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On the Origin of Orphan Tremors & Intraplate Seismicity in Western Africa
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  • Tolulope Morayo Olugboji,
  • Yingping Lu,
  • Adekunle Abraham Adepelumi,
  • Folarin Kolawole,
  • Manoochehr Shirzaei
Tolulope Morayo Olugboji
University of Rochester, University of Rochester, University of Rochester

Corresponding Author:[email protected]

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Yingping Lu
University of Rochester, University of Rochester, University of Rochester
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Adekunle Abraham Adepelumi
OAU, Ife, Nigeria, OAU, Ife, Nigeria, OAU, Ife, Nigeria
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Folarin Kolawole
University of Oklahoma, University of Oklahoma, University of Oklahoma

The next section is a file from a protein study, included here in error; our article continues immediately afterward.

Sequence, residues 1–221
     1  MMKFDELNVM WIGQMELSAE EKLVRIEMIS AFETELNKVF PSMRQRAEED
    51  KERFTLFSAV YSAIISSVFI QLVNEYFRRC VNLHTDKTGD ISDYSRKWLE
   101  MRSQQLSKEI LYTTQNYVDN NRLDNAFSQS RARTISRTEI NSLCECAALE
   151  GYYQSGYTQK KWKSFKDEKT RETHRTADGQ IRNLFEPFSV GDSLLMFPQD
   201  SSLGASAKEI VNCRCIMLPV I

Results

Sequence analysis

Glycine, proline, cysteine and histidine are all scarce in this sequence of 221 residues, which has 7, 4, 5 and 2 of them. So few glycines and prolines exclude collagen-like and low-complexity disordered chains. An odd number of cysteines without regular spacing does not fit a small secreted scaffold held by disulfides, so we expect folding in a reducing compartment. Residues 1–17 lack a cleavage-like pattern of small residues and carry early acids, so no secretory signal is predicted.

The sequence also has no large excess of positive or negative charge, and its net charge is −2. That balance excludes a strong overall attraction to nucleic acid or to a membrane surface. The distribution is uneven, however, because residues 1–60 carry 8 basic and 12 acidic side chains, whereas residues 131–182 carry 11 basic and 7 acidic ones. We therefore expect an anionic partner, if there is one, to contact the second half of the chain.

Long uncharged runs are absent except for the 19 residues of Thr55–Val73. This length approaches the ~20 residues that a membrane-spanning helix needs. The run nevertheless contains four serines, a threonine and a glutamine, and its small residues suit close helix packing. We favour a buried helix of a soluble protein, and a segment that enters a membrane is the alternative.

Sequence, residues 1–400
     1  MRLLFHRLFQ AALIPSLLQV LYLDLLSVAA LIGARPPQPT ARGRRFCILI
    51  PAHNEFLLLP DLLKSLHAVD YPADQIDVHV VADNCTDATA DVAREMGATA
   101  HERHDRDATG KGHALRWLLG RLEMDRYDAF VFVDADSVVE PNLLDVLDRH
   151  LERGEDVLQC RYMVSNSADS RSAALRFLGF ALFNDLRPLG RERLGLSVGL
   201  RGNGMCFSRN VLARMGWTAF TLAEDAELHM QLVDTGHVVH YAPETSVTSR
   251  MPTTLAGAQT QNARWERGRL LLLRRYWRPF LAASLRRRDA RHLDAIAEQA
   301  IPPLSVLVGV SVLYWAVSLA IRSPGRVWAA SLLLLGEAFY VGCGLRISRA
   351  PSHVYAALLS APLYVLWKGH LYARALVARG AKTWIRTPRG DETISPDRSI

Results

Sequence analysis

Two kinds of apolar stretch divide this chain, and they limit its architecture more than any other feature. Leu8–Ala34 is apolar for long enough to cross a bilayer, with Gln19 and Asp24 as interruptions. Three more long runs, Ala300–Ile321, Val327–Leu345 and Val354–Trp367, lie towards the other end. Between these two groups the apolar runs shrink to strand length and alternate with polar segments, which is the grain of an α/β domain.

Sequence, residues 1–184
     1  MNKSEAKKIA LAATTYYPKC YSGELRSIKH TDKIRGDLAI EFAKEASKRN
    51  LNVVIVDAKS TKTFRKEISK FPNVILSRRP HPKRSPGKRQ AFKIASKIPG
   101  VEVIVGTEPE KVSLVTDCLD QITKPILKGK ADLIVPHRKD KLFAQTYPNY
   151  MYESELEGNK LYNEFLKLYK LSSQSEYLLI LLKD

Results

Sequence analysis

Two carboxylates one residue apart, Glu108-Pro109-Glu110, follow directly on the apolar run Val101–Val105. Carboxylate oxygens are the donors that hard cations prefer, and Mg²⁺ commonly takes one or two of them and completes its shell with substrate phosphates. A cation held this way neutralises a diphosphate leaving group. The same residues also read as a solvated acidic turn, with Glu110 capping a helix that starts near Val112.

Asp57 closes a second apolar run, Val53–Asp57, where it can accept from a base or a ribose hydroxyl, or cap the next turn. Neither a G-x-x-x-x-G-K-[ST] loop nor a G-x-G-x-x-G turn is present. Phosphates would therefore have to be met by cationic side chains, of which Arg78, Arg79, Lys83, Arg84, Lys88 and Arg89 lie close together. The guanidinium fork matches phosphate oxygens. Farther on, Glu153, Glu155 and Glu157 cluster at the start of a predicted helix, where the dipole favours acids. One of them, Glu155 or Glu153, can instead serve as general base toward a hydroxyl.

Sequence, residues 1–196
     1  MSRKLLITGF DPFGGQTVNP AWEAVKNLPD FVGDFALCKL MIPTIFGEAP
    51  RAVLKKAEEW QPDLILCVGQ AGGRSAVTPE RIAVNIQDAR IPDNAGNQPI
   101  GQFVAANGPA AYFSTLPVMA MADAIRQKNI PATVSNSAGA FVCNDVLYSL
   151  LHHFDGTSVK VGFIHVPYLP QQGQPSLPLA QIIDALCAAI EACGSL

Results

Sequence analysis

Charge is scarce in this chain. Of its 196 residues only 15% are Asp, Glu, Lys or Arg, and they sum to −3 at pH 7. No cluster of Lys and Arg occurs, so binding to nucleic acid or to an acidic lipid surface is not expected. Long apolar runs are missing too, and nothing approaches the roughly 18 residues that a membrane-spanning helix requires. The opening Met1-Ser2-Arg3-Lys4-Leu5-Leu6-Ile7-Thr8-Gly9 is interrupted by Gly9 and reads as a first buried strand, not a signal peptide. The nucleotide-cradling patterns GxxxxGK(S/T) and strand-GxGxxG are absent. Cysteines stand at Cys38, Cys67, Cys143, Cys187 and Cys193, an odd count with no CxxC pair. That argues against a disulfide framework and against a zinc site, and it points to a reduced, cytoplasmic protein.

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Manoochehr Shirzaei
Virginia Tech, Virginia Tech
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On September 5-7, 2018, a series of tremors were reported in Nigeria's capital city, Abuja. These events followed a growing list of tremors felt in the stable intra-plate region, where earthquakes are not expected. Here, we review available seismological, geological, and geodetic data that may shed light on the origin of these tremors. First, we investigate the seismic records for parent location of the orphan tremors using a technique suitable when a single-seismic station is available such as the Western Africa region, which has a sparse seismic network. We find no evidence of the reported tremors within the seismic record of Western Africa. Next, we consider the possibility of a local amplification of earthquakes from regional tectonics, reactivation of local basement fractures by far-field tectonic stresses, landward continuation of oceanic fracture zones, or induced earthquakes triggered by groundwater extraction. Our assessments pose important implications for understanding Western Africa's intraplate seismicity and its potential connection to tectonic inheritance, active regional tectonics, and anthropogenic stress perturbation.